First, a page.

I never really had grammar classes in elementary school. I learned parts of speech from playing Mad Libs and then later on from taking Spanish classes. I never had to diagram sentences and have no memory of learning about where the comma goes when you’re using quotation marks before high school.
I read a lot and wrote a lot, so maybe our teachers figured we’d just pick it up. I don’t know, really, but one little punctuation mark that I never really became comfortable with was the semicolon.
Left to my own devices, I will never use a semicolon. It’s true- you can look back through the blog archives. I doubt I’ve used one in every ten blog posts, and the ones I have used may not have been used correctly. I clearly favor the dash and the comma.
My freshman year of college, all of the freshmen were required to take one writing intensive course (which I never would have taken otherwise and I am so thankful was a requirement). There were hundreds of “writing intensive courses” to choose from and I ended up in one titled, “Believers, Fanatics, and Fundamentalists: Religious Repression in World Literature”.
You can’t make this stuff up.
I actually loved the class. Our professor was in the English department and really knew his stuff, and was fantastic at leading a discussion rather than lecturing. There were maybe 10 or so of us, all freshmen, in the class, and we were still on our high horses coming out of being the top students in our respective high schools.
Our first paper was assigned fairly early in the semester, a reflection on one of the many books we read. I dutifully read the book, wrote the paper, and prepared to turn it in when the professor emailed the whole class to say that he had decided that we would be turning in a mandatory rough draft, having a (mandatory) meeting with him to review our papers during office hours, and turning in a final draft the next week.
This felt like a colossal waste of time to me (and also the only time I ever went to a professor’s office hours during my entire undergraduate career), but I submitted my “rough draft” and showed up to his office hours a few days later, fully expecting a glowing review and a few clarification questions.
We exchanged pleasantries and talked about how freshman year was going for me, and then he pulled out my paper. There were lots of tiny red circles on it.
“So, Rachel, tell me. Has anyone ever taught you how to use a semicolon?”
He went on to give the shortest and most effective grammar lesson I have ever sat through.
First he told me that dashes have no place in an academic paper. This still breaks my dash-loving heart. It also explained all the tiny red circles.
Then, he said, “You use a semicolon when the sentence could be done, but you’re not finished yet. With a comma, no one expects the sentence to end there, they know there’s more to come. But with a semicolon, you could have put a period, but you’re not ready for that quite yet.”
Semicolons still don’t come naturally to me. The first draft of any piece generally doesn’t involve any, and it’s only in the edits that I manage to remember to exchange some of my dashes and commas for them (which explains why my blogs rarely have any).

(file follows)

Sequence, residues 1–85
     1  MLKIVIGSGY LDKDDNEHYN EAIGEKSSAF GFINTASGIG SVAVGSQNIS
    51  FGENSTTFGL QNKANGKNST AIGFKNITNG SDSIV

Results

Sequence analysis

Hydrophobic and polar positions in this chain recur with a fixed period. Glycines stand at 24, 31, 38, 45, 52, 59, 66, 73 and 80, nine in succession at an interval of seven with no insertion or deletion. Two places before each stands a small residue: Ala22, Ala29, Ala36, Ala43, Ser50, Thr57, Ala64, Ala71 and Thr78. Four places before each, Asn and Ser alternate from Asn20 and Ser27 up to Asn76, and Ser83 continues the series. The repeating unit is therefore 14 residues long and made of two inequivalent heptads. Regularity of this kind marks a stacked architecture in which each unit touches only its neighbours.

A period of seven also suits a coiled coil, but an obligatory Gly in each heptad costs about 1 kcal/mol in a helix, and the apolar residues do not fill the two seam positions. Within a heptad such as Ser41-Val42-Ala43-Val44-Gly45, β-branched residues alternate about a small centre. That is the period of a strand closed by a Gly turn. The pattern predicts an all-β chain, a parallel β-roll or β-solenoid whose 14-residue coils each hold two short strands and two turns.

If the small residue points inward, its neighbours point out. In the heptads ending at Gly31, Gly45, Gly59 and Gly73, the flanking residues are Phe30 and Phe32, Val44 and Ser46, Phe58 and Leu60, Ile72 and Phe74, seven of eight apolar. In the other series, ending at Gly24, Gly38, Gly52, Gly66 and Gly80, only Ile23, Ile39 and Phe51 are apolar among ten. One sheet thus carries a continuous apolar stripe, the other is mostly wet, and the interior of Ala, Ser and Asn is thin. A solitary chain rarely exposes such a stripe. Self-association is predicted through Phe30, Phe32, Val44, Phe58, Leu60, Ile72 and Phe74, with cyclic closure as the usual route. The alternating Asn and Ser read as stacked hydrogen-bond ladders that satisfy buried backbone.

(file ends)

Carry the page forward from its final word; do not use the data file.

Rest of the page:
Faith is the semicolon in my life story.
I need more of it than I use in the first draft. Often, I insert end marks instead, believing something is over that is still being worked out. Looking back over my life, though, I can see that what I once thought was the end was actually only a placeholder- that there was resolution coming in a way I could never have anticipated.
It’s my year of abiding, and already that hasn’t meant what I thought it would. God has been doing in me a work of looking back, of editing out the periods and putting in semicolons and discovering that the end of my story isn’t written yet.
This week marks the beginning of Lent, and I’ve had more time than expected to reflect and prepare as an ice storm has forced my whole city inside for nearly a week. I read this beautiful reflection from Kelley Nikondeha on Ash Wednesday:
“…It occurred to me that maybe fasting isn’t for them this season. Maybe when we are already pressed, already frayed, already suffering or crowded right next to it – foregoing a cup of coffee or a chocolate bar isn’t what we need. We already know we are bent low, we know we hunger, we know we are but dust.
Maybe in these times we hear the One who reminds us that his yoke is easy, not another heavy burden, not the straw to break our back. I think I heard his voice in the cathedral that Ash Wednesday, telling me nothing more was required of me in that time and place. His yoke is of a different sort, and I am ever learning the lighter rhythm.
However, there are times I need to be reminded of my mortality. I can get carried away with life and forget that I have limits and pride that must become less so God can become more. Fasting recalibrates me. It becomes an invitation to let go, to feel the ache and stand in solidarity with the suffering ones. Fasting reminds me I am dust.
Maybe you need to be reminded that you are dust today. Maybe you already know. Either way, Lent is upon us.”
I don’t know what season you are in. Perhaps you already know you are but dust, and perhaps you need to remember it. But do not forget- if we are all but dust, it is because there is One Who Is Not, who brings life to dry and dead places.
This Lent, I am giving up doubt, because I am but dust and He Is Not.
I’ll be looking back at places I thought were done and dead and looking for the end of the sentence, editing out periods and putting in semicolons.
40 days of trusting that God has been faithful throughout my life seems like the most appropriate preparation for Easter I could do. I’d love for you to join me.
How have you seen God redeem and complete the parts of your life you thought were finished? Where could you go back and add semicolons in your life story?
Photo by Tom Magliery, via flickr.